May 04, 2012
Packaged plants can ensure long-term sewage treatment in remote areasBack
Dublin|Africa|Bannow Africa|Bannow Exports MD Ted O’Morchoe|Design|Flow|Housing|Installation|Modular|Pipes|PROJECT|Solar|Storage|Sustainable|System|Systems|Water|Africa|Ireland|Maldives|Seychelles|South Africa|Activated Sludge Technologies|Flow|Local Subsidiary|Long-term Solution|Maintenance|Pipes|Plant Manufacturer|Short-term Solution|Solutions|Systems|Power|Activated Sludge Technologies
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The ease of operation of packaged sewage treatment plants is critical for their common applications in remote places, such as island the resorts in the Seychelles and the Maldives, as well as in rural areas, such as the demonstration plant at Olwazini, in South Africa’s Cradle of Humankind, in Gauteng.
The modular plants enable easy expansion of existing systems to meet the scale of treatment demand.
“Packaged plants should be prefabricated, so that quality control is done in the factory and does not depend on work on site, where installation must be quick and simple.”
Bannow Exports, of which Bannow Africa is its local subsidiary, reports that its Blivet packaged sewage treatment plant, a hybrid of rotating biological contactor and activated sludge technologies, removes ammonia, nitrates and nitrites, phosphorus and nut- rients, with the option to design the system to enable effluent to be used for irrigation of crops.
Disinfection, should it be required, is done using ultraviolet disinfection or liquid or tablet chlorine dosing matched to the flow rate. The Blivet plants can also be monitored remotely.
“As soon as people get water into their homes, they will begin to produce sewage. We should use packaged sewage treatment plants to contain pollution before it becomes a problem.
“The plant can be applied as a short-term solution to bolster overloaded municipal sewage treatment plants, or as a sustainable, long-term solution in areas that need treatment capacity but are not connected to sewer- age pipes, or in remote locations where it is not economically viable to install large- scale municipal treatment plants,” he explains.
“Further, a single plant can be installed for up to 100 houses or can be deployed in series and in parallel to provide treatment for larger populations,” notes O’Morchoe.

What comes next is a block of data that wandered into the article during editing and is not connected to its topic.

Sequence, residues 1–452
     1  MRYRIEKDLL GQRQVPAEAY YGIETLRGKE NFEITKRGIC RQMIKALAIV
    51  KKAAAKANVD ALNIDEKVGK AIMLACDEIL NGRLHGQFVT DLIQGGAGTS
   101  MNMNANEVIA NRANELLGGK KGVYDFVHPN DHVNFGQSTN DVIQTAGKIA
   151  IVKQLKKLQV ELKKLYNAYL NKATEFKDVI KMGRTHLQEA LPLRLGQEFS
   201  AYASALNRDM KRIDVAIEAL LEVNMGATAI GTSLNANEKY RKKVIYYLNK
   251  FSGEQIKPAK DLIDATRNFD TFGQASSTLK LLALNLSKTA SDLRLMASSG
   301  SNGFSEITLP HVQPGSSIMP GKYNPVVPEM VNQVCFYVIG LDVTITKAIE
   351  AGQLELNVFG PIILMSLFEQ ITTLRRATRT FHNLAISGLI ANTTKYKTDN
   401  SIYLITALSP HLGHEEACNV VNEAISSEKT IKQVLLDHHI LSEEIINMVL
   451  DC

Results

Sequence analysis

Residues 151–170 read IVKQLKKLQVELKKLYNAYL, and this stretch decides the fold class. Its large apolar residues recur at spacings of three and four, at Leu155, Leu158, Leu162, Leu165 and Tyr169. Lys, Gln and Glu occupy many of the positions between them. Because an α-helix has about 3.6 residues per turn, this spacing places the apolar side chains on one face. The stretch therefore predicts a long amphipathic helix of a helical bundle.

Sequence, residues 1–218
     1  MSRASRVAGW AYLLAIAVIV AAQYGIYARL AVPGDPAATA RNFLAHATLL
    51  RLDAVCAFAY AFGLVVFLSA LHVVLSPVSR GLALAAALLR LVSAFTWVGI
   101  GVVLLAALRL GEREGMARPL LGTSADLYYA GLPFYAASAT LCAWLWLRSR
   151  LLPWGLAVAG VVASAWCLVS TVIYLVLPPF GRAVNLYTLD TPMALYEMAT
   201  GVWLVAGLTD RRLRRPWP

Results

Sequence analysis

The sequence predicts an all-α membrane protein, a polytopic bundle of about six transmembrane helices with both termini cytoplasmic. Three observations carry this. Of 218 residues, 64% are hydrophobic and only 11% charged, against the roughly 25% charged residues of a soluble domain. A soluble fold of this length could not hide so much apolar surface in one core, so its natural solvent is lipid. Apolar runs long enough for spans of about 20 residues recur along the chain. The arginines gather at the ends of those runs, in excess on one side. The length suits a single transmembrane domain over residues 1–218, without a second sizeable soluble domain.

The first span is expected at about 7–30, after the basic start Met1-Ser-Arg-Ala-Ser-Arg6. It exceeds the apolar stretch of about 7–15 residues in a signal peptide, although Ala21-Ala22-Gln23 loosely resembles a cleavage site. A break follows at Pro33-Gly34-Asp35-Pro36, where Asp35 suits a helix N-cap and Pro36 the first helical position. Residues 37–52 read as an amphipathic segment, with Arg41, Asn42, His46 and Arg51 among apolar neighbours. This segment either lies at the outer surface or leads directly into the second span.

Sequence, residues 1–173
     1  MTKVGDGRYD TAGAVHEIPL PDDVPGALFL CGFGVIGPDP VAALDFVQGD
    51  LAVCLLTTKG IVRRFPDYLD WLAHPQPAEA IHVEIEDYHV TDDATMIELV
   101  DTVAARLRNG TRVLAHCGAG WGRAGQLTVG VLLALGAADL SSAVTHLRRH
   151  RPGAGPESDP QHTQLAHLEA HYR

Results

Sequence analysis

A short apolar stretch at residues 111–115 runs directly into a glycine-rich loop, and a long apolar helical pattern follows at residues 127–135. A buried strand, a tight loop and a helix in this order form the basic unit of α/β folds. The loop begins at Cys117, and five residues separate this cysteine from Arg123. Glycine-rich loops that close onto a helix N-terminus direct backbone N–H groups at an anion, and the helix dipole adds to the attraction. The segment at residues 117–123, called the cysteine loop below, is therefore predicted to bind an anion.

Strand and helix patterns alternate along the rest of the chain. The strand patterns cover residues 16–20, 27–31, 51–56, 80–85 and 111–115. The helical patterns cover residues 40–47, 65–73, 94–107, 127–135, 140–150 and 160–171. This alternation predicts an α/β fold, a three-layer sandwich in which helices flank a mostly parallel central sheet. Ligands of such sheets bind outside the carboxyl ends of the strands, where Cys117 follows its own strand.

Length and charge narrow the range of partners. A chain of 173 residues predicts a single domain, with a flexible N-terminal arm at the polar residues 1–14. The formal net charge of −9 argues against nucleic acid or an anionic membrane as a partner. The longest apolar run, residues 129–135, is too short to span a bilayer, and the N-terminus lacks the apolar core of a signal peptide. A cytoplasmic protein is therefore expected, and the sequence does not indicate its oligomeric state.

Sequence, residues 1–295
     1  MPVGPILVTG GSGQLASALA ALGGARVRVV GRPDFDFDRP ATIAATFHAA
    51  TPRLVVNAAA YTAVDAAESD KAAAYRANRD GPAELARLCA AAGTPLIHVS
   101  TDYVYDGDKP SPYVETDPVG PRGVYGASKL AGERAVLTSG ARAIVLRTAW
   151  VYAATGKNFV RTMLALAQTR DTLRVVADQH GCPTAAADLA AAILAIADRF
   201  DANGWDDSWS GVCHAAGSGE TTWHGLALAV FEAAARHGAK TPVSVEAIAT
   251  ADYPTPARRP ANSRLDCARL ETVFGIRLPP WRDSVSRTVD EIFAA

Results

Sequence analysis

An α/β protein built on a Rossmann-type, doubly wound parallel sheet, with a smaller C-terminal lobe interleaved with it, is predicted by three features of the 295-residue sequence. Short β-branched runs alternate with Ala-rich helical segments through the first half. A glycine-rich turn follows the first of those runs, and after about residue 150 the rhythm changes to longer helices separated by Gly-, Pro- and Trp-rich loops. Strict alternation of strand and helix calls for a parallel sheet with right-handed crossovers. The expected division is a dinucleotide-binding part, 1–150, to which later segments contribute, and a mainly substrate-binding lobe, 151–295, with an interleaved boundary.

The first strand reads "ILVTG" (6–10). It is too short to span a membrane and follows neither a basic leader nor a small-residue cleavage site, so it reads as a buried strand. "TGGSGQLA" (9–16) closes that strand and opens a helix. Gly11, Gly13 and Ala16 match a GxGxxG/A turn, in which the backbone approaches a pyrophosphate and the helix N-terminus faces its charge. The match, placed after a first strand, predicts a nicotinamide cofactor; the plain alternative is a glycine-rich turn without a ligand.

The effluent flows into a primary settlement tank and then into the heart of the plant, which is its Aerotor rotating biological drum. As the drum rotates it lifts the effluent into its channels, effectively aerating it to promote bacteria and biomass growth, which absorb the nutrients.
Further, the system has low power consump-tion, owing to its design that uses the rotation of the drum to aerate the effluent, and can also be designed to use solar power sources.
“The Blivet has low operation requirements and naturally adjusts to changes in flow rate, with bacteria growth proportional to sewage inflows.”
Meanwhile, the system has a life span of 20 years in normal applications and is sustainable owing to its low requirements for electricity and maintenance.
A project in Ireland saw the company installing 22 Blivet units to provide temporary treatment for a housing development near Dublin, until the municipality could build a formal sewage treatment plant within five years. The Blivet plants have been in operation at these sites for almost ten years and the municipal plant will only be completed this year, he notes.C
ommissioning such a plant takes a few months, and the plants are sustainable and an effective way for corporate companies or nongovernmental charities to boost local communities, he adds.
Bannow Africa provides standalone units and fully engineered solutions that can include more rigorous treatment, such as disinfection, depending on the application. The management of sludge from the plants is similar to other biological treatment systems, and the plant has three months of insludge storage. Sludge drying beds can be included to reduce the amount of sludge in remote locations, he concludes.
Edited by: Martin Zhuwakinyu© Reuse this Comment Guidelines (150 word limit)
Creamer Media Senior Deputy Editor
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